Privacy Enhancing Cryptographic Constructs for Cloud and Distributed Security
Sehrawat, Vipin Singh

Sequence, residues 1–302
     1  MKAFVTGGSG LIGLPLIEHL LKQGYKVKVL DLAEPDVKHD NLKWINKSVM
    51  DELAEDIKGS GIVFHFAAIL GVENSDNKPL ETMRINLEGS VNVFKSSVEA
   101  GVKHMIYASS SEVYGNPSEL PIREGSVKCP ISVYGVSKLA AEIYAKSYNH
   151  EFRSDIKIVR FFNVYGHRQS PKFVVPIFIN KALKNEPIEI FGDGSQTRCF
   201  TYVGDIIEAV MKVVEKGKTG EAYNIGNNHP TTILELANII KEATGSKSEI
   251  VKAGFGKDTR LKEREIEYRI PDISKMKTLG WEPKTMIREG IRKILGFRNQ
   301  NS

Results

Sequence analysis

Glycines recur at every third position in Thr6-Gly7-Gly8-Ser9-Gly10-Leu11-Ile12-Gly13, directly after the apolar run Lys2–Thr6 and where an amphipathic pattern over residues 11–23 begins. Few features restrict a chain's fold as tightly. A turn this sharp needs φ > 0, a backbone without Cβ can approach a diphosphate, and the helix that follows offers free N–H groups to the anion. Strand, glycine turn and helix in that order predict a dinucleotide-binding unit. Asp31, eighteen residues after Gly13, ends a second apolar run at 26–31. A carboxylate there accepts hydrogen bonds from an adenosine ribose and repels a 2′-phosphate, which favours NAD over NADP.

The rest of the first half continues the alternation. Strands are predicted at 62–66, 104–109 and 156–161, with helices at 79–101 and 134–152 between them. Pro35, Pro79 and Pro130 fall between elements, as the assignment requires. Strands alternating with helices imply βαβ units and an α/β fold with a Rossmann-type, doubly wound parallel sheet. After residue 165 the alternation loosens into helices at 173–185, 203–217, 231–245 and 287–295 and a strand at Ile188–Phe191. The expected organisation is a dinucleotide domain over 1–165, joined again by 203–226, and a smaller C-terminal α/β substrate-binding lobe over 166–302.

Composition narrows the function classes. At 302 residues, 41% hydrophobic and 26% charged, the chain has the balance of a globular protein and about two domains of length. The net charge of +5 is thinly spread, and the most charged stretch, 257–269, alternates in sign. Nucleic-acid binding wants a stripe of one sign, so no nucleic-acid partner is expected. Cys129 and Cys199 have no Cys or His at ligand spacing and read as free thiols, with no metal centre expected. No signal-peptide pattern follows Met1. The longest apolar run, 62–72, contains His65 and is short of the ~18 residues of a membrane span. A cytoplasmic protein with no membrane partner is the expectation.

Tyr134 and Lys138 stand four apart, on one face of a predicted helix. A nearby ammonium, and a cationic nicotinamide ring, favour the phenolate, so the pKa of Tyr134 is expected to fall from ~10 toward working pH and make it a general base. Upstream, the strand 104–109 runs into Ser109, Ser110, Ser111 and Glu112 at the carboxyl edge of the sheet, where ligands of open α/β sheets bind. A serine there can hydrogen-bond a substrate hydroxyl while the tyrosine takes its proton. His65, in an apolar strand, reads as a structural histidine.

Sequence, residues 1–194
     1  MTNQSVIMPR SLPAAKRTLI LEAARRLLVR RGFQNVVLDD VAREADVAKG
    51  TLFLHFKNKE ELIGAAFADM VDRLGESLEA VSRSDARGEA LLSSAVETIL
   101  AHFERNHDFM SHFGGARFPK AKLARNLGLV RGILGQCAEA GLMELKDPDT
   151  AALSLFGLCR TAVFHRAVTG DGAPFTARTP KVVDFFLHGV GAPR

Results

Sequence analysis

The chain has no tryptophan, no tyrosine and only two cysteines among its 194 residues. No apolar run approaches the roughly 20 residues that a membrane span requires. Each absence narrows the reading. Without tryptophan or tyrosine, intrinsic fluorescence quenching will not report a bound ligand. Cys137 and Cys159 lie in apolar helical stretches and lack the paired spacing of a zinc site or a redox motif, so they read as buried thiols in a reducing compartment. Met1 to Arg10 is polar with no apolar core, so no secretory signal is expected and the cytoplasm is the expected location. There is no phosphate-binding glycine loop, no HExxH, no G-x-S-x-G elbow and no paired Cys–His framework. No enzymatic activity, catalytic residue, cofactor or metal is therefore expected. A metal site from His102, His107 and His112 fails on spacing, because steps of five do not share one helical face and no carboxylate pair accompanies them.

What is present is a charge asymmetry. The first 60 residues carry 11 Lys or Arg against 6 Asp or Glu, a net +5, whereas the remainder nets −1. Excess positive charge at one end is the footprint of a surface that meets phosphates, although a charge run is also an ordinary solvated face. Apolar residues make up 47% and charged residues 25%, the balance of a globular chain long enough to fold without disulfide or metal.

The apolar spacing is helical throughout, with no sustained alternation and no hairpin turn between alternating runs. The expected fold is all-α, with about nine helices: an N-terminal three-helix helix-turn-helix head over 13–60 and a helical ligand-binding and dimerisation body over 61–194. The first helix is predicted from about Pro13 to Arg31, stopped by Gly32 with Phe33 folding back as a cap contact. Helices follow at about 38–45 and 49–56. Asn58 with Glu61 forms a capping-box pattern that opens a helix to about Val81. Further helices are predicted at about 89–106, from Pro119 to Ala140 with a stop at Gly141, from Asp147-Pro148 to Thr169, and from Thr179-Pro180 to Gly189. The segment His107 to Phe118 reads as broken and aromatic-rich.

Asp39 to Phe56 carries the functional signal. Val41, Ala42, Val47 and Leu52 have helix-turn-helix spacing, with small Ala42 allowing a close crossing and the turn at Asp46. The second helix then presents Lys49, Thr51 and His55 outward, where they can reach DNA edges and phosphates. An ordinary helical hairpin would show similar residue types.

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Despite commanding a significant market cap, the cloud is still not trusted with sensitive data due to security and privacy concerns. Secrecy of the data can be ensured by using a provably secure encryption scheme, but operating on the encrypted data in a secure and efficient manner remains a challenge. In this dissertation, we solve an open privacy related problem concerning key rotation, which is a highly desirable functionality for the cloud. Key rotation refers to periodically updating the cryptographic key material, that is used to encrypt the data. As the central piece of our solution, we define and construct two novel pseudorandom function families. Secret sharing is one of the most versatile and fundamental cryptographic tools for distributed security. It provides a means to distribute shares of a secret such that any authorized subset of shareholders, specified by a publicly known access structure, can recompute the secret. In this dissertation, we identify and address the need to bolster the privacy preserving aspects of secret sharing. We introduce three privacy preserving secret sharing classes along with novel mathematical structures (set-systems and vector families) and cryptographic protocols, that we use to realize them. The primary tools used in the constructions presented in this dissertation include combinatorics, linear algebra, hard problems in lattices, and number theory.